The Drowned Cities: Little, Brown hardcover, May 2012, 434 pages, cover art by Neil Swaab. The Drowned Cities got to the championship with wins over Alexander Wisbal and the Hall of Heroes by Isaac A. McBeth, Dark Magic by James Swain, and Further: Beyond the Threshold by Chris Roberson.
The Drowned Cities brings together Tool, the bioengineered man-beast who was many readers' favorite character in Bacigalupi's previous novel Ship Breaker, and Mahlia, a young "castoff." Mahlia is the daughter of a Chinese peacekeeper, who left her to her fate when the Chinese pulled out of the "Drowned Cities," the ruins of Washington, D.C. and surrounding areas. Tool has been badly wounded and a local militia is hunting the area for him and for Mahlia, for reasons I won't spoil. Mahlia administers antibiotics to Tool, hoping that he can recover and help her escape this battle-ravaged area. But Tool has little interest in her plans, and Mahlia's friend Mouse and her benefactor Dr. Mahfouz do not wish to leave, so by the midpoint of the book, Mahlia is facing some tough choices.
Auraria: QW Publishers trade paperback, July 2012, 390 pages. Auraria advanced to the finals with upset wins over Zombie Bake-Off by Stephen Graham Jones, Song of the Serpent by Hugh Matthews (aka Matthew Hughes), and Glamour in Glass by Mary Robinette Kowal.
Auraria, Georgia is an Appalachian mining town. James Holtzclaw has arrived by carriage with instructions from his employer Mr. Shadburn to buy out all the land in town. This he manages quite well, undeterred by all the spirits, ghosts, and other supernatural forces to be found in Auraria. It turns out that Mr. Shadburn grew up in Auraria. He is determined to build a dam, flood the entire town, and build a luxury hotel on the shores of the resulting lake. He wants to do this not to make money——indeed, he antagonizes Holtzclaw by his recklessness with his money——but to compel the residents to abandon their unhealthy fascination with gold-mining.
The Battle: The first thing to make very clear is that, through 200 pages, both of these books are excellent.
The Drowned Cities is the kind of engrossing, hard-edged YA story that we need if we are going to attract young readers to books in general and to science fiction in particular, and there is also plenty here to satisfy adult readers. The book matter-of-factly presents a nicely, and frighteningly, imagined fallen America of the future, focusing on the swampland around our former capital. For his protagonists, Bacigalupi pairs the amazingly powerful Tool with Mahlia, who survives by her wits. Early in the book, Tool wipes out half a company of pursuing soldiers by brute force. Later, Mahlia manages nearly to destroy the rest of the company through sheer cleverness. They make a terrific combination.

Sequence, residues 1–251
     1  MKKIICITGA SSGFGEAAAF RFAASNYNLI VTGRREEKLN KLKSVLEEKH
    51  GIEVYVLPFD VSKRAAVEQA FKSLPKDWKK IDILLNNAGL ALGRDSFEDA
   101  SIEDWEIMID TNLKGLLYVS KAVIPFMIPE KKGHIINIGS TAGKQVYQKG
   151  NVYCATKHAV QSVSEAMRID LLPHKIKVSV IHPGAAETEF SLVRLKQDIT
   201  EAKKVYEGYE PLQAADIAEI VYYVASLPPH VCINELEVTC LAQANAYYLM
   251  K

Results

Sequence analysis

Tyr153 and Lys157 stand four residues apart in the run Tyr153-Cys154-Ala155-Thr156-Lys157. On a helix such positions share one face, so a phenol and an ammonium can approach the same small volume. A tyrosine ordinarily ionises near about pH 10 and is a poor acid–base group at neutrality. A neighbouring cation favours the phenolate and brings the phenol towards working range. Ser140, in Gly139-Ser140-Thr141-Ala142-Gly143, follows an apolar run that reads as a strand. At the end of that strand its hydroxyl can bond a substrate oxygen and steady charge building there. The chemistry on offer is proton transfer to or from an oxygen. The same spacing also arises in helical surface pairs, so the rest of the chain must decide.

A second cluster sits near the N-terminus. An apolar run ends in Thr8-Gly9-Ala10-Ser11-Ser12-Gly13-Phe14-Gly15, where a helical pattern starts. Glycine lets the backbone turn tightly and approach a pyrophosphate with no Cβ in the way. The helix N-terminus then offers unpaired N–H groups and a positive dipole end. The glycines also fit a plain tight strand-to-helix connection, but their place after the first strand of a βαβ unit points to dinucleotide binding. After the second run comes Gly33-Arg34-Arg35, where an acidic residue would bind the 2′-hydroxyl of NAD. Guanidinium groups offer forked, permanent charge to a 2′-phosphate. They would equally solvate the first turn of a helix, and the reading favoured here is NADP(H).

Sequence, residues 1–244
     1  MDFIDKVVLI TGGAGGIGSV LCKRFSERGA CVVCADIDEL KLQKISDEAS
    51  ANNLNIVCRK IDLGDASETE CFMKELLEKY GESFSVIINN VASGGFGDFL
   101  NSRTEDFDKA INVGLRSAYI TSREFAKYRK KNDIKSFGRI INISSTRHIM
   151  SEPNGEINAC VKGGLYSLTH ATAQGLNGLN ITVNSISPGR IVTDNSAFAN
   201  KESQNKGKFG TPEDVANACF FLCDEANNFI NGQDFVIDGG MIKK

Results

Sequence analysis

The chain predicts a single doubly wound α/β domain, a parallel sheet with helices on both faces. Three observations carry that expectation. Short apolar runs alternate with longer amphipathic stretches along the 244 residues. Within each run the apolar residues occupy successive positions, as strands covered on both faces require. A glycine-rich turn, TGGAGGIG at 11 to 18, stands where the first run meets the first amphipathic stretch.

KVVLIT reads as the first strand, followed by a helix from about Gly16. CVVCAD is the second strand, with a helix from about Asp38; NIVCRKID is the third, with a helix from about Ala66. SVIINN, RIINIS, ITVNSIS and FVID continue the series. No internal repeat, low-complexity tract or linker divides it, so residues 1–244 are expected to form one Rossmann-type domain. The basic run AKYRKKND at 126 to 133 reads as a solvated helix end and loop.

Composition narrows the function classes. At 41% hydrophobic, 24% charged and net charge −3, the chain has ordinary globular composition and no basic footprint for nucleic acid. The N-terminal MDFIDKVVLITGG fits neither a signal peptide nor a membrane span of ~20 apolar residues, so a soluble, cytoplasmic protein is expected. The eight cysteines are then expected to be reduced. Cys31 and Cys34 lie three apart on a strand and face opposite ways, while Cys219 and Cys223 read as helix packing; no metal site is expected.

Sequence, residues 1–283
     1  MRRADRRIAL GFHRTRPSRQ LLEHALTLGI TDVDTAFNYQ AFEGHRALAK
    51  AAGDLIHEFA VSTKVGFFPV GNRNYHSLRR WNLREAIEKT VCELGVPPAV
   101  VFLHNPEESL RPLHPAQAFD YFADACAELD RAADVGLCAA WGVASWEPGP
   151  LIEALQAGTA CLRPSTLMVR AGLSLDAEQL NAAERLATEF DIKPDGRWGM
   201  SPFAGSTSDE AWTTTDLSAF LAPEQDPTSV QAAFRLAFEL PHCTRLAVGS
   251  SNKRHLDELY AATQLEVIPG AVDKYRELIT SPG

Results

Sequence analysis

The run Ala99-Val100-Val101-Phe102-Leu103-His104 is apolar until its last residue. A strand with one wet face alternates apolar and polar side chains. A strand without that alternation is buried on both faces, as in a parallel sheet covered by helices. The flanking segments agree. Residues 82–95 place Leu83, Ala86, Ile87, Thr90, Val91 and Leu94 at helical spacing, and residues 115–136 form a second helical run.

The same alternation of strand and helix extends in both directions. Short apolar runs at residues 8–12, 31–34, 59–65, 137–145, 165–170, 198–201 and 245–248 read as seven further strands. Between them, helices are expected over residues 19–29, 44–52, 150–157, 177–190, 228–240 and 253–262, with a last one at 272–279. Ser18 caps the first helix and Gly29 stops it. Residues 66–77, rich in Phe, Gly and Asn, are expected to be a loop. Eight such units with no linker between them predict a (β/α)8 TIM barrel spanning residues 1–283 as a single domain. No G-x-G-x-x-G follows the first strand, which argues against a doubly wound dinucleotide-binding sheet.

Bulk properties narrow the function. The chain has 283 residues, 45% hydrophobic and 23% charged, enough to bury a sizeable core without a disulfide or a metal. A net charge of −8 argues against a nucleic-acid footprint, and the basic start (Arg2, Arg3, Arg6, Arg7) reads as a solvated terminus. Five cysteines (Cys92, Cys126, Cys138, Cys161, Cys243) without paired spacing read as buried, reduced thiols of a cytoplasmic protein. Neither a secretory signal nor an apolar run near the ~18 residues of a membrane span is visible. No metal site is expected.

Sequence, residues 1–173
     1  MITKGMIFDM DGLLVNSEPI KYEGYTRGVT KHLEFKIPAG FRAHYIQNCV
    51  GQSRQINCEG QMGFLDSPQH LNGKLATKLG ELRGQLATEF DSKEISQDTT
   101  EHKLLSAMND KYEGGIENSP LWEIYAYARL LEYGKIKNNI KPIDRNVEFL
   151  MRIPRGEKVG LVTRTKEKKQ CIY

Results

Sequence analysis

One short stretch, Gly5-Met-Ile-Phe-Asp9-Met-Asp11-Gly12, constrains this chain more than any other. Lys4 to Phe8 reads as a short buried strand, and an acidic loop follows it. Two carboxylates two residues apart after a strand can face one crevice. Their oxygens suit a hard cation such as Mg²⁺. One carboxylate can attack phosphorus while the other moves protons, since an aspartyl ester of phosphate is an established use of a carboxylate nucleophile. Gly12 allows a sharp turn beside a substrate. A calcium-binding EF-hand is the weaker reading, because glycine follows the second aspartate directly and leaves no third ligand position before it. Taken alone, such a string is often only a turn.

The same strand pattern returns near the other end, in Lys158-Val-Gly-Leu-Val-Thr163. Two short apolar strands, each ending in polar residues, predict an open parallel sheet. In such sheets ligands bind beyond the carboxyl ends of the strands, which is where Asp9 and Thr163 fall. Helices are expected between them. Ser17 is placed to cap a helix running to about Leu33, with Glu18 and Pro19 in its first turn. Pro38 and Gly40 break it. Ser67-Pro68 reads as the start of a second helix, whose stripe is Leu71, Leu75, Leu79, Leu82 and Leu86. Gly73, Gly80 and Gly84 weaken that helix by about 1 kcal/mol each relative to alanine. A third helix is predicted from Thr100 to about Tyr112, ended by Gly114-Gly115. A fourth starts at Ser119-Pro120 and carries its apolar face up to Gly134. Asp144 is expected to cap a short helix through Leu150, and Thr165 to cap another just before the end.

Auraria is a quieter book, but also very effective. Westover does a wonderful job combining small-town personalities with whimsically magical story elements, all tied together with a wry sense of humor. I will stick with my description in the semifinals, that the novel reads like a collaboration between Garrison Keillor and Neil Gaiman.
But as much as I'm enjoying both these books, I'm only permitted to choose one winner. The Battle comes down to two factors.
First, there is more depth to the characterization in The Drowned Cities. Mahlia is a believable and interestingly conflicted young woman, and Tool is a fascinating character, with a most unique outlook on life. The characters in Auraria are not as fully developed. Please note that this is not a complaint. Holtzclaw in particular is a fairly flat character by design——he is there as a straight man to observe the bizarre goings-on in Auraria, and that works quite well. But because I don't feel terribly connected to him as a character, Auraria is not quite so difficult to put down as The Drowned Cities.
The second deciding factor is story. While the first two rounds of the Battle of the Books are mostly decided on style points, since few of the books are very deep into their stories after 25 or 50 pages, plot becomes a greater factor by the semifinals and finals. And for all Auraria's strengths, midway through the book the plot isn't developing quite so much as I'd like. There is some friction brewing between Holtzclaw and Shadburn, but nothing to match the dramatic tension of The Drowned Cities. Mahlia has had to confront what seemed to be a monster, to overcome an entire company of soldiers, and now she faces an agonizing dilemma over her best friend and her mentor. Halfway through the book, her entire life has fallen to pieces. Readers don't know if she will be able to save herself or her friend Mouse, and we very much care whether she can. And that makes the book impossible to put down.
THE WINNER: The Drowned Cities by Paolo Bacigalupi
Congratulations to Paolo Bacigalupi, who is the fourth Battle of the Books winner, joining Elizabeth Bear, James Renner, and Ian Tregillis. We will feature The Drowned Cities in a full review at Fantastic Reviews, and we will also try to arrange an interview with Bacigalupi (although we already interviewed him once, so Paolo may have had his fill of us).
Thanks for joining us for the Fall 2012 Battle of the Books, and stay tuned for Battle of the Books #5, which will feature another array of talented authors, including Laird Barron, Keith Brooke, China Miéville, Jane Rogers, a pseudonymously cloaked Melinda Snodgrass, Steve Rasnic Tem, and many others.